for instance, you'll have a, say, 'T-payne song one summer, and everyone from kids to school aides to even the younger administrators aware of the song, and bumpin' in step with the kids when they hear it in the hallways; then, next summer, it'll be another ubiquitous hit by, say, Lil' Boosie, i.e., complete with its title becoming that summer's informal hip phrase, i.e. Boosie's "Wipe Me Down.'

I love that aspect of black folk culture ------ that you can get everyone from ten-year-old kids to grandparents sharing some common reference for a period, then moving on to the next one.

nikcrit said...

@SOBL,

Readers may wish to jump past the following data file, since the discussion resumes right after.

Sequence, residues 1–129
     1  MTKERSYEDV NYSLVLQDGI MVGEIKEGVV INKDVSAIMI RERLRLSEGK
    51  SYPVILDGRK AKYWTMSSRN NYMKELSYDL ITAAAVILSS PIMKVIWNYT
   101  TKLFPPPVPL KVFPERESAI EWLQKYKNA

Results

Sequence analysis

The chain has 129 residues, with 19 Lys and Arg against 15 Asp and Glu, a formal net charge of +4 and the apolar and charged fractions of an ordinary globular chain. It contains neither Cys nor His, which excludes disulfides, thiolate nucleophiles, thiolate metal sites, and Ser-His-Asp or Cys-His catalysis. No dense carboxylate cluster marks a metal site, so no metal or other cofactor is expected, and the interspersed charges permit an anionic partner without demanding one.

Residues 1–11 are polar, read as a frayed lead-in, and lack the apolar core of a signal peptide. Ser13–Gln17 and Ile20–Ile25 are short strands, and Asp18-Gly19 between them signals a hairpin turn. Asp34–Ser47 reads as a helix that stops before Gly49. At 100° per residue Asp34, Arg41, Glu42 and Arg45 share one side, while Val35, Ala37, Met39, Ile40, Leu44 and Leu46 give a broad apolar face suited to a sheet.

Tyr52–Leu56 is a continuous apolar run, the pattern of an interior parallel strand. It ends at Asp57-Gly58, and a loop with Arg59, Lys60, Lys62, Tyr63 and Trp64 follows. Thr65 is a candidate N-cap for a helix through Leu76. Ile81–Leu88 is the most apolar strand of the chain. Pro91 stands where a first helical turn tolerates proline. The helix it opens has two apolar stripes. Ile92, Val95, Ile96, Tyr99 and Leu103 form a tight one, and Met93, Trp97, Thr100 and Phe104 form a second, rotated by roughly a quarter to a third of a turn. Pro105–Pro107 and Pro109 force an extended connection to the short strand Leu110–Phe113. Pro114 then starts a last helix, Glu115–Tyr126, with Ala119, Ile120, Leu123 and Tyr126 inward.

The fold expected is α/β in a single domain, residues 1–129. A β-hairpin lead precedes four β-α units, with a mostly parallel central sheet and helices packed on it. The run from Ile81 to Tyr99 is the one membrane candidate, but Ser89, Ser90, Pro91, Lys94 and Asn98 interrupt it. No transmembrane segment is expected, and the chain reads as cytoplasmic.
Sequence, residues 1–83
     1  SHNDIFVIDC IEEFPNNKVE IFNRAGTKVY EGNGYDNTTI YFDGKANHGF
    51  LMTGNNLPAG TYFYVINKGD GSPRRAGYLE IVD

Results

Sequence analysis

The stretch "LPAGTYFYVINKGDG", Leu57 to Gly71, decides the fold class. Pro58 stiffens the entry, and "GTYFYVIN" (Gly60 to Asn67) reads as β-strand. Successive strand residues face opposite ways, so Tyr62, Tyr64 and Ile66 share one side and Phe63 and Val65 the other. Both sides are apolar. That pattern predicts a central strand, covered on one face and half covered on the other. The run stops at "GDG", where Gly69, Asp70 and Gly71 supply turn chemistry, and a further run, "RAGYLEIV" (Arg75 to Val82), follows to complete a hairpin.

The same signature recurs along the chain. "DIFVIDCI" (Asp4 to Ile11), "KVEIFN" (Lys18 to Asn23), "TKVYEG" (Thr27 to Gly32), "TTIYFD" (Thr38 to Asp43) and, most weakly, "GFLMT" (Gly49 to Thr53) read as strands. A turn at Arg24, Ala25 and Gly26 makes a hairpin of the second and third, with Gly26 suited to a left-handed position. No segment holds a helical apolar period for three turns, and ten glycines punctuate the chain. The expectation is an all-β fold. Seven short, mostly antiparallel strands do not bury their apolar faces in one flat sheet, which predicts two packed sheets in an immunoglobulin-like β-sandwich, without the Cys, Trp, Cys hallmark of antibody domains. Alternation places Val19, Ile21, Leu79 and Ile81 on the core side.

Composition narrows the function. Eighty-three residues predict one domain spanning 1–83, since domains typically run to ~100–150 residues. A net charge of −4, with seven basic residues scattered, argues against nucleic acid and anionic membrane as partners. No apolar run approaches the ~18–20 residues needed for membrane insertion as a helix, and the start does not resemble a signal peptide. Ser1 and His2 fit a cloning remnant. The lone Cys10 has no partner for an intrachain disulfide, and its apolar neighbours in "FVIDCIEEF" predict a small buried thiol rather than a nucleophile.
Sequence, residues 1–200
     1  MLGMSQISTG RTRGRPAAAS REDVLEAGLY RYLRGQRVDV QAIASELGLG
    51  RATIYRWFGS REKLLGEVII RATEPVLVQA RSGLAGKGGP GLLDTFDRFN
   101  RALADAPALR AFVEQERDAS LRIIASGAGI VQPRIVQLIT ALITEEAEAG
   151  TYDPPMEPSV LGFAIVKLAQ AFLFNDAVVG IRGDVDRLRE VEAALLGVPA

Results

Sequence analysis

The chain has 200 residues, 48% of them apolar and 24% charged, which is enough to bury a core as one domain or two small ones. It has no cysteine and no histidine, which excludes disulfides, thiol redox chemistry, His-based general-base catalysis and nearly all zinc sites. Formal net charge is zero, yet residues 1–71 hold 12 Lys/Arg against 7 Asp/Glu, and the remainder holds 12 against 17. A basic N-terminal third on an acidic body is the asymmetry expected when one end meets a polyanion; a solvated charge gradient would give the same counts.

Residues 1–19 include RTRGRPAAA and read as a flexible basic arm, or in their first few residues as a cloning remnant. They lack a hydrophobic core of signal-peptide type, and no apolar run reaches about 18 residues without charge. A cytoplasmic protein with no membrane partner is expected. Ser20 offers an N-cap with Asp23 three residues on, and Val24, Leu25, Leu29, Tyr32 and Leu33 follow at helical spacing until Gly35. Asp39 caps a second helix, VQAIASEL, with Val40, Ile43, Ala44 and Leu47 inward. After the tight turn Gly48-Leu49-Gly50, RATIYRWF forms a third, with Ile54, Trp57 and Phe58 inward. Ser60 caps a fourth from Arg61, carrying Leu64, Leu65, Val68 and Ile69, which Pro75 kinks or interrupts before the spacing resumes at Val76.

btw, what do you mean exactly by the phrase 'she looks wicked Mass?' Is that a east-coast colloqualism for "Massachusettes prole' or something?

Son of Brock Landers said...

Yes. It's also a joke on new england slang by using wicked for very. Wicked mass meaning her face is almost stock Massachusetts white girl. Wicked generic.

"Semi charmed life" was the song of summer 1997 seems right. One of my faves from high school days

tonsplace said...

this right here is why I never miss anything but my bike, bluegrass and my dog when I'm down range.

gmikailovich said...

Great stuff. This pasty porker would be a real treat in parts of Africa.

With the thoughts you'd be thinkin said...

Funnily enough she plagiarized the song from a Korean.
http://youtu.be/_B2j_NuybeY

Chris said...

Honestly, I don't think she's that fat, but I'd actually like to see her mom to see what she's gonna look like in 20 years. My guess is it's gonna be a train wreck.

Also, if a girl is gonna be that, uh, thick, at least have some tiggo bitties, you know what I mean?

peterike said...